Don't Forget The Writing Budget!
But I've noticed that whenever my kids say, “Calm down, Mom. It’s all good,” it’s invariably not all good. They've forgotten something (something that’s usually terribly important). And so I thought I’d ask: Have you remembered your writing budget?
Your writing budget is just as important as your writing goals, especially if your goals tend towards the general rather than the specific. For example, let’s say that your 2013 goal is to focus on children’s writing, and to that end, you've decided to write every day, and read more in the children’s genres you’re targeting. That’s terrific, and you will be a better writer by the end of the year.
But if you have a writing budget, you can rev up your goal. With less than a hundred dollars, you can join a professional organization like SCBWI and reap the benefits of membership. With less than two hundred dollars, you can take a class in the children’s writing field you enjoy. Or you can attend a conference, and connect with other writers in your area. You can skip the expensive coffee a couple times a month and use that money to enter a few children’s writing contests. Contests are wonderful motivators, particularly later in the year when your writing get-up-and-go is threatening to get up and leave.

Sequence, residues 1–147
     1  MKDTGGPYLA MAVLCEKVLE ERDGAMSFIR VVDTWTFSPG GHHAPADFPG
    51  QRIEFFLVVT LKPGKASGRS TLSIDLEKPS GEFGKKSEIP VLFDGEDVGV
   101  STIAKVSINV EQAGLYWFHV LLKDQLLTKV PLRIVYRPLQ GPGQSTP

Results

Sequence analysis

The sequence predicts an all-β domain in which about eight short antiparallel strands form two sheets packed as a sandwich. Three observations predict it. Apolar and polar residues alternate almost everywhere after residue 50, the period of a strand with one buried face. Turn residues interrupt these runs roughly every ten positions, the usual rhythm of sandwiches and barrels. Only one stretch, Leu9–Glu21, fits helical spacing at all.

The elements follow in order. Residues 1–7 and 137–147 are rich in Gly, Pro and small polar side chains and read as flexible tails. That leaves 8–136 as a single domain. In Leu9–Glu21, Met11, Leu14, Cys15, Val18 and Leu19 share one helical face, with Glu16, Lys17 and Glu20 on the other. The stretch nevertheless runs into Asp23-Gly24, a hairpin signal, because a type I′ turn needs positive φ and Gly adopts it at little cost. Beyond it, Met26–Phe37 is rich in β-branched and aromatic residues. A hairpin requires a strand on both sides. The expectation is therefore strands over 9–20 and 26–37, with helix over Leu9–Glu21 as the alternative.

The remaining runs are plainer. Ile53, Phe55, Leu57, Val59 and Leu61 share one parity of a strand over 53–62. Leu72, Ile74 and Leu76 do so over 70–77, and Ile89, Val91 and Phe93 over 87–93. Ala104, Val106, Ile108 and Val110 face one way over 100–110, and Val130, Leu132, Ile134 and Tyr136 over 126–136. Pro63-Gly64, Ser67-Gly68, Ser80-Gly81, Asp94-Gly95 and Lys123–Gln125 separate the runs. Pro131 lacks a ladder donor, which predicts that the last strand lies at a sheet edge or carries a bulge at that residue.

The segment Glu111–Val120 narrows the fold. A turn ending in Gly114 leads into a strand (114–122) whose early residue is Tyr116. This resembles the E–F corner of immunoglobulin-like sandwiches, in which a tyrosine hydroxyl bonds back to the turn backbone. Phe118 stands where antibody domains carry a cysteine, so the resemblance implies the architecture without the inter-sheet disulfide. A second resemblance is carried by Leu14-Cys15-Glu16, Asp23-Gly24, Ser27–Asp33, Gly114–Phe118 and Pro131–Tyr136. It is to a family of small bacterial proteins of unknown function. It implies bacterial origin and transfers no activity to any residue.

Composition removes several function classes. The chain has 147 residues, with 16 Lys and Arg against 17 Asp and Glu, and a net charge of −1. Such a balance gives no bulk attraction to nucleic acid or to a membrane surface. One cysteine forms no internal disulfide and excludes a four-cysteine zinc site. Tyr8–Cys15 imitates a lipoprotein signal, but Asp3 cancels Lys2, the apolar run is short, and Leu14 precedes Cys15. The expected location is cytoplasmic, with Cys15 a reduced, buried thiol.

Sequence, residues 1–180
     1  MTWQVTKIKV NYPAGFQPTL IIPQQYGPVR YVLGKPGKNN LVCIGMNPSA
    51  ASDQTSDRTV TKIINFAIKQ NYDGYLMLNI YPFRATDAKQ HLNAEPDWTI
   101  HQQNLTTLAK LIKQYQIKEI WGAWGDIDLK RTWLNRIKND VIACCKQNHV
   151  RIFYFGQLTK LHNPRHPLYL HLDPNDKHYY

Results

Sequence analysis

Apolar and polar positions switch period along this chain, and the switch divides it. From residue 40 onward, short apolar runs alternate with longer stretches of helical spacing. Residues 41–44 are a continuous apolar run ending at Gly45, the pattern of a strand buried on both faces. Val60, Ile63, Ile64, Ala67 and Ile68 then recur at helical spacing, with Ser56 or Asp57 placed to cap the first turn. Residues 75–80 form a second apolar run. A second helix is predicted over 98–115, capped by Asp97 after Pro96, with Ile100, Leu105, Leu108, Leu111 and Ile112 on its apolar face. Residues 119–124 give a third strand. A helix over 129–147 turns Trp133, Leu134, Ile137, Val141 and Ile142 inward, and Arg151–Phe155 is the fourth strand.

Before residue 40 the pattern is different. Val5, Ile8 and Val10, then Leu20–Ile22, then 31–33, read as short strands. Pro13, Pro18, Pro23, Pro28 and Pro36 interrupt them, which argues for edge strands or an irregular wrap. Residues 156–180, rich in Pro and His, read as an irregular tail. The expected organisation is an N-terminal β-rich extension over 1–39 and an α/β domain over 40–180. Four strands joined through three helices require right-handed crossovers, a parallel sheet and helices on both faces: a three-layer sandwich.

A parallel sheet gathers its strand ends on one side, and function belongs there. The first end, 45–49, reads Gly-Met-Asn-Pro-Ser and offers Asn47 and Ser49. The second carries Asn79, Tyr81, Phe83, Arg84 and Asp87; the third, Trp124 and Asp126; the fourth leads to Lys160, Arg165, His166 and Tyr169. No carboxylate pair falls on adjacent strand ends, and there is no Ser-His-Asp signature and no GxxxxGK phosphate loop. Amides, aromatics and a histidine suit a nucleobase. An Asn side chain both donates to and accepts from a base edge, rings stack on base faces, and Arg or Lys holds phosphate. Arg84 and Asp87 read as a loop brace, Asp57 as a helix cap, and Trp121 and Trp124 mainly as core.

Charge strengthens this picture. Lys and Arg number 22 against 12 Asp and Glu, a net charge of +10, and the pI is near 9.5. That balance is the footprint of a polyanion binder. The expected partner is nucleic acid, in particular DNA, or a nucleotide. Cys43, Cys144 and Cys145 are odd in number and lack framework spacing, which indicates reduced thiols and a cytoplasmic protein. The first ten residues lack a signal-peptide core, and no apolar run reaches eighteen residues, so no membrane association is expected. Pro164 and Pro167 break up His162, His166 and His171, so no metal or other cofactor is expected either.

So it doesn't take an accountant to see that a writing budget will pay dividends down the road in your writing career.
But maybe you’re not a fiction writer. Maybe you’re a freelancer, or a poet, or working on your memoir, and you can’t see any benefits in joining a professional organization or attending a conference. But you still want to take your writing to the next level. Yep, you’re going to need a budget.
For less than a hundred dollars, you can set up your own website and jumpstart your online presence. If you can find two hundred dollars, you can take classes on freelance writing, memoir writing, even poetry writing. You might want to join a freelance job opportunities site; these sites can range from free to forty dollars a month. You could research mentorship, wherein writers set their own fees for what will help you the most.
So before your 2013 resolve fades, get out the calculator and work those numbers. Figure out your writing budget and stick to it. Then you can tell me, “It’s all good, Cathy.” And I just might believe you.
~Cathy C. Hall